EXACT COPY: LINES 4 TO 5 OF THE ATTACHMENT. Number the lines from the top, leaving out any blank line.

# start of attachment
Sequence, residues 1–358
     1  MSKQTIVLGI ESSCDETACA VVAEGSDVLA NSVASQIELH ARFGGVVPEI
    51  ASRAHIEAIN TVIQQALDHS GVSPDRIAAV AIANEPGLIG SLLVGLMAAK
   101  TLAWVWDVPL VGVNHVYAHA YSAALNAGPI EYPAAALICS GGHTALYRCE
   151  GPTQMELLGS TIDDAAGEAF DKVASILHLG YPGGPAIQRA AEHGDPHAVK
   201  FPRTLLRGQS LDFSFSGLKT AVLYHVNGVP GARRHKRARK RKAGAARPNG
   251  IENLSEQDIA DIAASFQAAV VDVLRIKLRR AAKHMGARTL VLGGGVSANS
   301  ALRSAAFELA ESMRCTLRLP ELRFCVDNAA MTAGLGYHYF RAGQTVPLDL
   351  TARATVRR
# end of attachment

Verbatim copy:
   101  TLAWVWDVPL VGVNHVYAHA YSAALNAGPI EYPAAALICS GGHTALYRCE
   151  GPTQMELLGS TIDDAAGEAF DKVASILHLG YPGGPAIQRA AEHGDPHAVK